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Year : 2014  |  Volume : 19  |  Issue : 2  |  Page : 144-147

Acute hypopituitarism - a rare complication of vasculotoxic snake bite: A case report

Department of Medicine, Mahatma Gandhi Institute of Medical Sciences, Sevagram, Wardha, Maharashtra, India

Date of Web Publication11-Aug-2014

Correspondence Address:
Amrish Saxena
Department of Medicine, Mahatma Gandhi Institute of Medical Sciences, Sevagram, Wardha - 442 102, Maharashtra
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Source of Support: None, Conflict of Interest: None

DOI: 10.4103/0971-9903.138440

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Venomous snake bite is an important public health hazard in tropical countries including India. Vasculotoxic snake bites are well known to cause local cellulitis, local tissue necrosis, bleeding manifestations, disseminated intravascular coagulation (DIC), acute kidney injury (AKI), shock, cardiac arrhythmia, neurotoxicity, coma, and death. We present the case of a 30-year-old female who was bitten by a Russell's viper snake and complicated by AKI, DIC, and acute hypopituitarism during her hospital course. Acute hypopituitarism as a complication of snake bite is a rare entity.

Keywords: Acute kidney injury, disseminated intravascular coagulation, hypopituitarism, snake bite

How to cite this article:
Saxena A, Srivastava AK, Rajput AS, Tiewsoh I, Jajoo UN. Acute hypopituitarism - a rare complication of vasculotoxic snake bite: A case report. J Mahatma Gandhi Inst Med Sci 2014;19:144-7

How to cite this URL:
Saxena A, Srivastava AK, Rajput AS, Tiewsoh I, Jajoo UN. Acute hypopituitarism - a rare complication of vasculotoxic snake bite: A case report. J Mahatma Gandhi Inst Med Sci [serial online] 2014 [cited 2023 Mar 30];19:144-7. Available from: https://www.jmgims.co.in/text.asp?2014/19/2/144/138440

  Introduction Top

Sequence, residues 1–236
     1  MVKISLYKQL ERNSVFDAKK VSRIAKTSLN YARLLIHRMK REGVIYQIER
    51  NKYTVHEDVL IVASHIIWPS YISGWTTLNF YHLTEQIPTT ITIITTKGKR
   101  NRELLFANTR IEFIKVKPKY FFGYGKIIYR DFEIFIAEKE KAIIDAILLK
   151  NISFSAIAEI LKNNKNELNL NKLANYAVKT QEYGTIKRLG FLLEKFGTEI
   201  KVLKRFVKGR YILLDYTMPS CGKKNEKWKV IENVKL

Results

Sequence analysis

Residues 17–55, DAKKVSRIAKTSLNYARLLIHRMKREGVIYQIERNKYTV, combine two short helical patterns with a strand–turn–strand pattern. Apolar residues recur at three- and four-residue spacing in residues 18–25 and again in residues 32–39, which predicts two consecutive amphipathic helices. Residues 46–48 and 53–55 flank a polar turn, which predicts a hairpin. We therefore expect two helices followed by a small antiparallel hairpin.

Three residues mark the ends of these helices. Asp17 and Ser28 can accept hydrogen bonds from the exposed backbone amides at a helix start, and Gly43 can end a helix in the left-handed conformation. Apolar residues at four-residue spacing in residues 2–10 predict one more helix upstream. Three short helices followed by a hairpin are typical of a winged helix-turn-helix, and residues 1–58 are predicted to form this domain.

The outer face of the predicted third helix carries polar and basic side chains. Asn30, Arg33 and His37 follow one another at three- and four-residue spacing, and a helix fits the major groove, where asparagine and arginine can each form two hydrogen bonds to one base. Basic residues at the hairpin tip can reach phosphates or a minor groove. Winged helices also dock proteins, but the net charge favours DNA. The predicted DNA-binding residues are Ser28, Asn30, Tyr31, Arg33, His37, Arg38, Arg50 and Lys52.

In India more than 200,000 snake bites are reported annually, of which 35,000-50,000 lives are lost due to venomous snake bites. [1] Snake bites by Russell's viper can cause vasculotoxicity, neurotoxicity, or myotoxicity. The usual complications of viper bites mentioned in the literature are local cellulitis, hemorrhagic manifestations, disseminated intravascular coagulation (DIC), acute renal failure (ARF), intravascular hemolysis, pulmonary edema, shock, cardiac arrhythmia, neurotoxicity (ptosis, external ophthalmoplegia, muscle paralysis, and cerebrovascular stroke), and death. [1],[2] Bleeding manifestations and acute kidney injury (AKI) are common events following bites by Russell's viper but acute hypopituitarism as a complication of vasculotoxic snake bite is a rare sequelae.

Here, we report a case of young female who was bitten by Russell's viper and complicated by ARF and DIC. She developed recurrent hypoglycemia and hypotension during her hospital course as a consequence of acute hypopituitarism secondary to snake bite.

  Case Report Top

A 30-year-old woman, a field worker was bitten by a snake on her right hand ring finger. The villagers identified the snake as Russell's viper. She was admitted in hospital after 2 h of snake bite. On general examination, she was conscious, oriented with a pulse rate of 106 beats per min, blood pressure (BP) of 110/70 mmHg, and a respiratory rate of 18 breaths per min. A local swelling was present on the ring finger of right hand. Her 20 min whole blood clotting test (WBCT) was of good quality at the time of admission. No lymphadenopathy was present. Her fundus examination and systemic examination revealed no abnormality. No signs of neurotoxicity were present. After 3 h of admission, she had an episode of hematemesis associated with mild pain in abdomen, palpitations, and restlessness. Her BP dropped down to 80/60 mmHg with a pulse rate of 114 per min. Her repeat 20 min WBCT was of poor quality (incoagulable blood). She was given 10 vials (100 units) of polyvalent anti-snake venom (ASV) intravenously over 1 h, covering four common species; Russell's viper, common cobra, common krait, and saw-scaled viper. In view of her hypotension, intravenous noradrenalin infusion was started after adequate intravenous fluid replacement. She had bleeding manifestations in the form of gum bleeding, epistaxis, hematemesis, ecchymoses, and subconjunctival hemorrhages. Her 20 min WBCT repeated after 6 h of admission was also of poor quality. She was given another 10 vials (100 units) of polyvalent ASV.

Her hemogram on the day of admission showed a hemoglobin of 13.6 gm/dL, total leukocyte count of 9,200 mm 3 (with differential of 79% polymorphonuclear leukocytes, 13% lymphocytes), and platelet count of 270,000 mm 3 . Other laboratory test results were serum creatinine, 2.1 mg/dL; urea, 48 mg/dL; sodium, 140 mEq/L; potassium, 4.3 mEq/L; aspartate aminotransferase (AST), 233 IU/L; alanine aminotransferase (ALT), 671 IU/L; total bilirubin, 0.44 mg/dL; albumin, 3.16 gm/dL; and total protein, 6.7 gm/dL. The urinalysis demonstrated proteinuria (2+) on albustick. Abdominal ultrasonography (USG) revealed no obvious abnormality.